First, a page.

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DATES FOR YOUR DIARY local and national dates coming up Saturday 25th January 2020 - Quiet Day A Day of Piety – Join us for our new year Quiet Day focusing on individual and collective prayer. 9.30 for 10am start to 4pm with bring and share lunch, at Chippenham Village Hall. Guests and visitors welcome. Saturday 21st March 2020 - Ultreya Lent Ultreya & AGM – 9.30 for 10am start to 12.30 with bring & share lunch afterwards. St. Luke’s Church, Cambridge. 23rd - 26th April 2020 - Weekend Ely 36. Who will you invite? Applications cut-off is 23rd February. Please pray for your pilgrims. May 2020 – Ultreya Welcome Back for Ely36. A Saturday morning gathering with bring & share lunch. Date and venue details to follow. Guests and visitors welcome. Tuesday 7th July 2020 - Ultreya An evening Summer Ultreya at St. Andrew’s, Soham. 7.30-9pm Saturday 8th August 2020 “Do Action!” – our summer study day focusing on Action and Community action. 10am-4pm. Want to contribute? Contact Sue Evans or Steven Ridley with your ideas. 5th September 2020 - National Ultreya National Ultreya held at Southwark Cathedral, London & Southwark dioceses are hosting this all day gathering of Cursillistas from across the country. Details on their websites. To k e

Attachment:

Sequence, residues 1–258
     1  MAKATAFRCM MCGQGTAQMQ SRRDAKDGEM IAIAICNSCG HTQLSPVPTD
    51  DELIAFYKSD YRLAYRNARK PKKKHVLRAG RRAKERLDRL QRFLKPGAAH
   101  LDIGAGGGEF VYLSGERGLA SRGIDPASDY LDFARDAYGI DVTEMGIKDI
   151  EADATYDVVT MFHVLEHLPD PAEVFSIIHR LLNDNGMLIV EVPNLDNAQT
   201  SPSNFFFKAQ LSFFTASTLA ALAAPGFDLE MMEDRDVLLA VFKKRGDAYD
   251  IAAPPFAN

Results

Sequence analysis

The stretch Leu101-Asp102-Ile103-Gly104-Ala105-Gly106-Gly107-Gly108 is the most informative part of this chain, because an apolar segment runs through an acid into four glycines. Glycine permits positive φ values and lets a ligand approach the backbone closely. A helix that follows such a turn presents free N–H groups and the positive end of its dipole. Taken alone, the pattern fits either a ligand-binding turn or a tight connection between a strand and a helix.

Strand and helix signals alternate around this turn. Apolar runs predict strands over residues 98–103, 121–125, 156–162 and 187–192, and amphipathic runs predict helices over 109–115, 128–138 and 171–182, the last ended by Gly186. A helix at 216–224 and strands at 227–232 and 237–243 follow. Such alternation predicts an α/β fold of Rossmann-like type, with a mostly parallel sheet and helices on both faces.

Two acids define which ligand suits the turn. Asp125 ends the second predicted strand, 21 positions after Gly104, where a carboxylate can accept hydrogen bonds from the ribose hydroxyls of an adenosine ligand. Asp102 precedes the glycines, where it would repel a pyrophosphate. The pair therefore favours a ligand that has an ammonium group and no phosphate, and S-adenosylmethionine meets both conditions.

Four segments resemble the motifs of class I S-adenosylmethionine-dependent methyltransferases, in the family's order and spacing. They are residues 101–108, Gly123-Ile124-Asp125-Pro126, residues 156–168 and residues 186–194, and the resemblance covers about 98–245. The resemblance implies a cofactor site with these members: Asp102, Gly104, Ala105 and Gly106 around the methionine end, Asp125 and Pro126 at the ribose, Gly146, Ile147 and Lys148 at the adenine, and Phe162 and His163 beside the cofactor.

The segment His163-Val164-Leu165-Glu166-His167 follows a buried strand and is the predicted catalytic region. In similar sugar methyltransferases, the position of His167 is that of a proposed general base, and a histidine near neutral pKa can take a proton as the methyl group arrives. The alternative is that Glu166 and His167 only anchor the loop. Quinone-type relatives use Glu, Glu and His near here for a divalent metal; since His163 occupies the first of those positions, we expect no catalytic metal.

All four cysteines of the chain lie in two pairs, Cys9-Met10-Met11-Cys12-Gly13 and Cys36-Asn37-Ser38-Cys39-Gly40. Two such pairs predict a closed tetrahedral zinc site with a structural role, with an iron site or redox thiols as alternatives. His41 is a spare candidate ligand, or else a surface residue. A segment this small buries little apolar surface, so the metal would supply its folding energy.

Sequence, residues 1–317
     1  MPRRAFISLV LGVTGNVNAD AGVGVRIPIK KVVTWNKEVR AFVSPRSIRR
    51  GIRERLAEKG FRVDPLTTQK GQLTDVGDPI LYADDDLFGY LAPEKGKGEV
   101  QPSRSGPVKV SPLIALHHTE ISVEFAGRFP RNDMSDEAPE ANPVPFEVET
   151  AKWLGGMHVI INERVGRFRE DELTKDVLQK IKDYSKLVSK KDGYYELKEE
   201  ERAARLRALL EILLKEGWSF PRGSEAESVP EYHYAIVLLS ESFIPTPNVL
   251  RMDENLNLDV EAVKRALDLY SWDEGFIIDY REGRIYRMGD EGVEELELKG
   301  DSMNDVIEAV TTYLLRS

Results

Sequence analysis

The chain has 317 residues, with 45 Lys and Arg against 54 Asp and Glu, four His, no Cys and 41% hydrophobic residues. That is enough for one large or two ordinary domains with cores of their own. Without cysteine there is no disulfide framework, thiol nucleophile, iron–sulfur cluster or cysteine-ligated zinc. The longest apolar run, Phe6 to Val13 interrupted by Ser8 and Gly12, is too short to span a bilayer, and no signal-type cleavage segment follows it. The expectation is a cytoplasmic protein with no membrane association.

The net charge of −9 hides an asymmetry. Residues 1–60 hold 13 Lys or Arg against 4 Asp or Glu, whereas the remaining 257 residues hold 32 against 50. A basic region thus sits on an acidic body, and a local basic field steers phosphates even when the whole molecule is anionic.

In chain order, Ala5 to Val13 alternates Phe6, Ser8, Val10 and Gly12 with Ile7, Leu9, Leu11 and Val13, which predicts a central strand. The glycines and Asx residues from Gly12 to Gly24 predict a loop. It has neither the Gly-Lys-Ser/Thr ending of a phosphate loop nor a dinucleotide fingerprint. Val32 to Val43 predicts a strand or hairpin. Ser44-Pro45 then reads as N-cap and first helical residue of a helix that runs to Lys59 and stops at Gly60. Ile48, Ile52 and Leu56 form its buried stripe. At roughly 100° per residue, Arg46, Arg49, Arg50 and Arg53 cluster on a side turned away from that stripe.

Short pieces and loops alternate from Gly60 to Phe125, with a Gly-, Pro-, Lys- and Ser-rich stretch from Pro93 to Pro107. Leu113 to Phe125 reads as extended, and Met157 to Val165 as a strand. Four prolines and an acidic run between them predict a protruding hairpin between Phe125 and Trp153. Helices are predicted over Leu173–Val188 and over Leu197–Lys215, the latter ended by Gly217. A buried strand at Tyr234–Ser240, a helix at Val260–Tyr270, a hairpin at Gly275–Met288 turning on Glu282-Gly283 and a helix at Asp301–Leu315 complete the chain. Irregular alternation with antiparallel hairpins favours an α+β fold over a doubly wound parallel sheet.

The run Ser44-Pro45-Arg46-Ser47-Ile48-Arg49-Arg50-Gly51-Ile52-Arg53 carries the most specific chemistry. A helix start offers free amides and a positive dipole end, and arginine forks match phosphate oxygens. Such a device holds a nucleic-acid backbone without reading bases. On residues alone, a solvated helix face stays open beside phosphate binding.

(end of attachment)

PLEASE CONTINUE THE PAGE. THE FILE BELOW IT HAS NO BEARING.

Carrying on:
22nd - 25th October 2020 - Ely 37 Applications cut-off will be 22nd August.
FIN can: te you DU SO FA N www CEB OO .fac ebo K o
November 2020 - Ultreya Welcome Back for Ely37
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14th -15th November 2020 - Conference BACC Conference Open to all Cursillistas nationwide.
O VIS R IT O UR W www EBS ITE .elyc urs illo.
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The magazine for Cursillo in the Diocese of Ely